Wires Crossed in A Digital World: How to Prevent Misalignments in Human and AI Decision Making
* Best Paper 2023, Emerging Concepts and Innovative Technologies Subcommittee
Authors: Maria Chaparro Osman, Summer Rebensky, Audrey Reinert, Valarie Yerdon, Chris Jenkins, Jianna Logue, Charles Jusko, Gabe Ganberg
Tuesday, November 28, 3:00 PM, Room W300 – THEATRE
Simulators Provide Adequate Training – Says Who?
Authors: Alexxa Bessey, Brian Schreiber, Mark Schroeder, Steve Macut, Winston (Wink) Bennett
Tuesday, November 28, 2:30 PM, Room W307D
Virtual Reality Provides Real Data: How Data in VR Transforms the Concept of Readiness
Authors: Summer Rebensky, William Stalker, Jonathan Diemunsch, Shawn Turk, Samantha Perry, Quintin Oliver, Winston Bennett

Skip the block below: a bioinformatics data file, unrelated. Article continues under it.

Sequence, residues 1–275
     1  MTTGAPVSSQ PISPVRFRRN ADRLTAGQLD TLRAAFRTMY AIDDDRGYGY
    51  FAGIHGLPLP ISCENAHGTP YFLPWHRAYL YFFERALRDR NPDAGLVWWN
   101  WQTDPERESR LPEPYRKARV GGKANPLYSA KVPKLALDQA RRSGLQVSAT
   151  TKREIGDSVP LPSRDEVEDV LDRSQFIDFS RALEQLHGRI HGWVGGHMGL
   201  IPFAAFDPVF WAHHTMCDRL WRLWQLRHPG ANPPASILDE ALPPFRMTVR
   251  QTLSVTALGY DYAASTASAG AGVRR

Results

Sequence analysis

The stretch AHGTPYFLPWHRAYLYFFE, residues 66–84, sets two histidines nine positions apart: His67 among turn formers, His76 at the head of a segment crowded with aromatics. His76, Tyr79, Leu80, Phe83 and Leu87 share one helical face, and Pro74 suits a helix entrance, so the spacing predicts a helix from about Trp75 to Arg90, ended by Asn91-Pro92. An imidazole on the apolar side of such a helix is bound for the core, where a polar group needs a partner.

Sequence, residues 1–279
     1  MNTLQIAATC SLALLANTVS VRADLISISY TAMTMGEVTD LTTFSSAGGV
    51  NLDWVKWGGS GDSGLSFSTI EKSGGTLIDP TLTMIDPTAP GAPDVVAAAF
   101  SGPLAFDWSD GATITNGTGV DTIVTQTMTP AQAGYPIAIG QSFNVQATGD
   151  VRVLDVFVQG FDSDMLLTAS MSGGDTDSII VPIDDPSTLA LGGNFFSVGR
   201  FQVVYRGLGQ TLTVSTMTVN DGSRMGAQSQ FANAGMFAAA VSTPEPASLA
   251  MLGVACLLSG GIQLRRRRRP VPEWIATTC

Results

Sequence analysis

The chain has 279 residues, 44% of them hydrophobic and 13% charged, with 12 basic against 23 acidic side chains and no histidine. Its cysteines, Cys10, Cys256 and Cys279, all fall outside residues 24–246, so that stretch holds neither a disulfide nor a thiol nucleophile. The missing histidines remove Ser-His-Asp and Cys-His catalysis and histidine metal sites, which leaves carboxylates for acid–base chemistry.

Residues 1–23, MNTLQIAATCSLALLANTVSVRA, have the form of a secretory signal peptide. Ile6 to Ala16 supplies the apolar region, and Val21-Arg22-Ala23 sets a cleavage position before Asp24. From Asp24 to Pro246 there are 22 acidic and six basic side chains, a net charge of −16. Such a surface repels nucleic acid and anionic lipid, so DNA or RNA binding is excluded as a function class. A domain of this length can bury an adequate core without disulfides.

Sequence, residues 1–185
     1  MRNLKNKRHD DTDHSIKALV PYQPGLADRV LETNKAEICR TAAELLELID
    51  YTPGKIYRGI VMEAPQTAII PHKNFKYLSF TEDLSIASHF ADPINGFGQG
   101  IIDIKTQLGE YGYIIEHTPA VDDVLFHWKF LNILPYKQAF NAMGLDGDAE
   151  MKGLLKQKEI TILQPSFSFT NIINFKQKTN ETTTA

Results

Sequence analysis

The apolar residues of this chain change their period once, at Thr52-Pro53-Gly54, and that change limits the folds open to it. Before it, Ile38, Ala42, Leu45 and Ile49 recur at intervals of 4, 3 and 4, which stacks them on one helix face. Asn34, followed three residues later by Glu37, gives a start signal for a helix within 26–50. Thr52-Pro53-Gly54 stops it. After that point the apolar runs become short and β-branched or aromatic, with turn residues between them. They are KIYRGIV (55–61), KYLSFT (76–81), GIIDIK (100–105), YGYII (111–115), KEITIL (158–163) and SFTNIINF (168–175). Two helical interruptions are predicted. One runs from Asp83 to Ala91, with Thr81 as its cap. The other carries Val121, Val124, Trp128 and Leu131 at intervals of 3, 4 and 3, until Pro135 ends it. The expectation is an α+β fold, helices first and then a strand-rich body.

Wednesday, November 29, 11:30 AM, Room W307B
Unobtrusive Measures and Understanding Team Processes
Authors: Alexxa Bessey, Robert McCormack, Kara Orvis, Marissa Shuffler, Dorothy Carter, Amanda Thayer, Eduardo Salas
Wednesday, November 29, 4:30 PM, Room W308C
Toward a Theory of Human-AI Co-Learning and Trustworthiness
Authors: Fred Diedrich, Gary Riccio, Tatiana Toumbeva, and Scott Flanagan
Thursday, November 30, 11:00 AM, Room W307B
Augmented Maintenance: Setting Expectations for Augmented Reality
Authors: B. Adrian Flowers, Michael J. Keeney, Werner Born, and Jeffrey Beaubien
Thursday, November 30, 11:30 AM, Room W307C